The really positive thing about the mission is that it can be used to test ideas. If something isn’t aimed at developers or the community, it likely doesn’t fall into the mission. Replacing legacy Unix is not part of the mission either.
If the redefined mission ends up being useful, it will be because it helps align the community and enables better, more consistent decisions to be taken – everyone will help push Fedora in the same direction. It will be great to see that happen.
There’s nothing that speaks more volumes than how a company treats its customers, and while it’s not the case that all their customers are treated this poorly, the fact they will go this low is shocking.
Employees are not “brand ambassadors”; as the agents of your company they are the ones building your brand. Customers aren’t always right, but when they are happy and talk positively about your company, you build your brand. Marketing and advertising help build awareness of a brand, good logos and design will give people an intuition about your brand, but the rubber hits the road when your organisation does things.
It’s always interesting reading how other people view strategy, and Vince Law’s WTF is Strategy? is a very entertaining read. Like a lot of my posts, it’s quite digital product-oriented, but I think these principles are pretty general and should apply for most people.
What is interesting is that one of the examples he uses – taking a road-trip across the States – is exactly an example that I cover early on in “A Practical Introduction to Wardley Mapping“. It’s different in some notable ways – his journey is east-west while mine is north-south, because the goals are totally different – but it’s very insightful that he chose such a similar example to mine to illustrate the point. This also helps point out the differences in our approaches!
Back in 2010 I wrote a post about Canonical’s business direction, in response to something Bradley Kuhn had posted. Both he and I were worried about Canonical becoming reliant on an “open core” business model – worried not just from the perspective that it would dilute the principle of Ubuntu, but that frankly every time I have seen this executed before it has been a dismal failure.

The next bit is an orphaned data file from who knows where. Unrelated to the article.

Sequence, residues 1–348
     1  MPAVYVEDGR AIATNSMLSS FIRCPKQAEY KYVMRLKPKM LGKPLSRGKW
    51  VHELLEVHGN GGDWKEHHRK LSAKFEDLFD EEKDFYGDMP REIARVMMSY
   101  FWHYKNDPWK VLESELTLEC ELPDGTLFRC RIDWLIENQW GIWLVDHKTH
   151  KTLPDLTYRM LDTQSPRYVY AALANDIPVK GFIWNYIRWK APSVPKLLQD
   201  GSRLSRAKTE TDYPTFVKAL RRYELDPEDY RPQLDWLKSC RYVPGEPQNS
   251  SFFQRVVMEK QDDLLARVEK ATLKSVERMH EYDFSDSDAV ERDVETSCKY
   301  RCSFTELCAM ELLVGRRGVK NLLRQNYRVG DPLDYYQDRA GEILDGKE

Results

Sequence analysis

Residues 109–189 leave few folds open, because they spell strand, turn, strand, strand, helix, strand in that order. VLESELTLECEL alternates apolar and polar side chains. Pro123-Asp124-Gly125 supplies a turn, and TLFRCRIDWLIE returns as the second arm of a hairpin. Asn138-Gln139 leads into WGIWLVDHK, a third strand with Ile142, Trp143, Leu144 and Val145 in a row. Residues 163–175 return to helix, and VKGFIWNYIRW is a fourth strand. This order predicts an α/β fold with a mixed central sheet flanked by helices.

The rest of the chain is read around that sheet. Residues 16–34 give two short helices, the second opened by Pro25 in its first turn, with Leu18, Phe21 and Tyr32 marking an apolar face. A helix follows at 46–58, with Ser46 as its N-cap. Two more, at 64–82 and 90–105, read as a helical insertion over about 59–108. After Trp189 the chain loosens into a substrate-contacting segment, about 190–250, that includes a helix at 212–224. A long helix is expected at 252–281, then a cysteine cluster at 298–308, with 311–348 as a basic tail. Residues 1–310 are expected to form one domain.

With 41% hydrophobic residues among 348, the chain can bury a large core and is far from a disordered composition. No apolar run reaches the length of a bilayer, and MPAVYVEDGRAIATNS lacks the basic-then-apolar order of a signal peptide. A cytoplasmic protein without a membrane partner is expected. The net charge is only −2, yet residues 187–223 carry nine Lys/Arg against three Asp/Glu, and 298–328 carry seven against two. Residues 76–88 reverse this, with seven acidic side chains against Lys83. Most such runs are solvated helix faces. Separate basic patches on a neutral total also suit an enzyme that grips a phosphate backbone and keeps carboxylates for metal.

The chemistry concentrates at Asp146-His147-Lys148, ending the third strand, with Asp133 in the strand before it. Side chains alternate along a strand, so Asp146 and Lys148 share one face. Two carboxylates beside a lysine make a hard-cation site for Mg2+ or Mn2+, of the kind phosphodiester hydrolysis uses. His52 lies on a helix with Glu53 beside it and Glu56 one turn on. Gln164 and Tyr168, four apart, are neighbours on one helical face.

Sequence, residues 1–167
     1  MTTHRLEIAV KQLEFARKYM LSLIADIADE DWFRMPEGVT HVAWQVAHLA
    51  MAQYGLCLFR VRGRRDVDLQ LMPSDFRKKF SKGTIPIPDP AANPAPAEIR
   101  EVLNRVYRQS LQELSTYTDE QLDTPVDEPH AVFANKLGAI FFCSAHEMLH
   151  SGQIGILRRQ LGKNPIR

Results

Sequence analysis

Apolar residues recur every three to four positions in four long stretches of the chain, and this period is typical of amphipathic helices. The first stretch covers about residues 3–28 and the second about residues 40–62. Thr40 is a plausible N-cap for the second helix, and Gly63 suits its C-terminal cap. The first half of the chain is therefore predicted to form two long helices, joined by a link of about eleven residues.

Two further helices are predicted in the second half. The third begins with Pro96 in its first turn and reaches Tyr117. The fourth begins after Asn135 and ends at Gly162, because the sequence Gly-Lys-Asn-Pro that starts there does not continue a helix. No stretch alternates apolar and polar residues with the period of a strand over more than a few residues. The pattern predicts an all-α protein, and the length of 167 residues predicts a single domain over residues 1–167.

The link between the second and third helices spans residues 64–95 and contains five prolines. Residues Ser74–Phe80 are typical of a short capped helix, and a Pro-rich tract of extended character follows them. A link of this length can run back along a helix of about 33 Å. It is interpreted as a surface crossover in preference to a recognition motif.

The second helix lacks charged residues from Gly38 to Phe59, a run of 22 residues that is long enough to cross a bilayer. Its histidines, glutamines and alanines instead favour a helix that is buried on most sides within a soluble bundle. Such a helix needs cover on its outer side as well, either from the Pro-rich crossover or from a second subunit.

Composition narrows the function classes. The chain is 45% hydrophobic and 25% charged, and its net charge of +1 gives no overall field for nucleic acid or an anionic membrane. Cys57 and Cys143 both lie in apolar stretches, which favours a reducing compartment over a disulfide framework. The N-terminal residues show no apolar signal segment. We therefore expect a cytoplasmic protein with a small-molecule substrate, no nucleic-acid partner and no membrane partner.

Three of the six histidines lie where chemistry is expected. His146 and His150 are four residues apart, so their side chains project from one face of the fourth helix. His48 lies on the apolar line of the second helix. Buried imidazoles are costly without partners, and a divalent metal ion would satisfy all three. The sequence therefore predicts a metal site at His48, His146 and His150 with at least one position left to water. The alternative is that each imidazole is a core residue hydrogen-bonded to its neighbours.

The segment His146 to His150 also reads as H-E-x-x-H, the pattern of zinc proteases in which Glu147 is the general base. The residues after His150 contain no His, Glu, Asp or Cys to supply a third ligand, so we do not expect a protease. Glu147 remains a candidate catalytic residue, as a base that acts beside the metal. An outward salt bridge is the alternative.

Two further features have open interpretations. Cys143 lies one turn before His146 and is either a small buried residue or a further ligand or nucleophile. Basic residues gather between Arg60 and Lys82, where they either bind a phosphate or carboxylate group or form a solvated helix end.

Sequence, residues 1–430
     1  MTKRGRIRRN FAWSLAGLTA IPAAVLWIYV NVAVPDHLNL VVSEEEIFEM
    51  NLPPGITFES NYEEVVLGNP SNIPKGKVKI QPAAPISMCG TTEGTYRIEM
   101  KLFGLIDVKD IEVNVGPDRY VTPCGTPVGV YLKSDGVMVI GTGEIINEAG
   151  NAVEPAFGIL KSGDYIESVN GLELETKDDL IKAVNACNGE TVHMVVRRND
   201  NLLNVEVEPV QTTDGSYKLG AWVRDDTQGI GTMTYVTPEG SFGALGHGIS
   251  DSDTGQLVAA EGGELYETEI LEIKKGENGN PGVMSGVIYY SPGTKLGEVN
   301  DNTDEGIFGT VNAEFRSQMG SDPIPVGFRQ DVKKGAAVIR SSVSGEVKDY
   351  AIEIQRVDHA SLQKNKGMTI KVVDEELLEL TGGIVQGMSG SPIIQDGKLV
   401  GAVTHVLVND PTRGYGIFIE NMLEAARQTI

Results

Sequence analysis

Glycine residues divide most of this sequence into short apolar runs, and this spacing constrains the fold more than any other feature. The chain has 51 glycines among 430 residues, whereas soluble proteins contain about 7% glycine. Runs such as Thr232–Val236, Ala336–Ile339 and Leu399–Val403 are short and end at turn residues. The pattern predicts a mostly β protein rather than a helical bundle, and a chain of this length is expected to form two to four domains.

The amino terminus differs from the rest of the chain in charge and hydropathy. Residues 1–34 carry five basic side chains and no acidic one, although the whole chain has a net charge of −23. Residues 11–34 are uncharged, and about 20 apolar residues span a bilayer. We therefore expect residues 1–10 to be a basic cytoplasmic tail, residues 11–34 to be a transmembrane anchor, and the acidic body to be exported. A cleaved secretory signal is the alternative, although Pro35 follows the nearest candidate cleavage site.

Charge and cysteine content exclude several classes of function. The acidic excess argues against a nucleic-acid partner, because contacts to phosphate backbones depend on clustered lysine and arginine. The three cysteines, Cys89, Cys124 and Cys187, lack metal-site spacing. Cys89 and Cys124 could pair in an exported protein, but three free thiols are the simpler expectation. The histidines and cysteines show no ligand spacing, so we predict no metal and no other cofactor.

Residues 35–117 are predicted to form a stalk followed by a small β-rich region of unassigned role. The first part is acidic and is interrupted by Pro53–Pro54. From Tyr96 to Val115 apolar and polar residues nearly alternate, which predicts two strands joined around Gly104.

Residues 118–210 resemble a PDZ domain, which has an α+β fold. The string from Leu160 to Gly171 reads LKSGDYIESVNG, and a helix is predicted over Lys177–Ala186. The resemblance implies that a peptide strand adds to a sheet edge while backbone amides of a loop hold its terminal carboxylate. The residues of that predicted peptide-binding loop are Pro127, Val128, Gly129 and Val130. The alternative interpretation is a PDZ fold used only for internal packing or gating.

The posts are worth re-reading in the context of Mark Shuttleworth’s announcement today that Ubuntu will be dropping a number of their in-house technologies and, more importantly, abandoning the explicit goal of convergence. I would also say, read the comments on the blogs – both Bradley and I found it deeply strange that Canonical wouldn’t follow the RHEL-like strategy, which we both thought they could execute well (and better than an open core one).
Of course, our confusion was – in hindsight – obvious. We weren’t seeing the wood for the trees. The strategy has since been spelled out by Simon Wardley in his rather good talks; one example is here:
It’s well worth to take the time to watch that and understand the strategy against RedHat; but it’s pretty easy to state: “Own the future, wait for it to come to us”. Let’s see why this is important.
There are a lot of people with strong thoughts about brand and culture, and how the two relate to each other. From conversations I’ve had with others, I thought it high time to put my perspective down in writing.
I have a lot of time for this HBR article, “Brand is Culture, Culture is Brand“. It is absolutely correct to say that you cannot build a brand if your business culture does not / will not support and live that brand, and this is a fault seen so commonly. Business rebrand frequently; and it’s very common to see immediate push-back because the way the business operates doesn’t fly with the new brand at all.
However, I think things have to go deeper than this.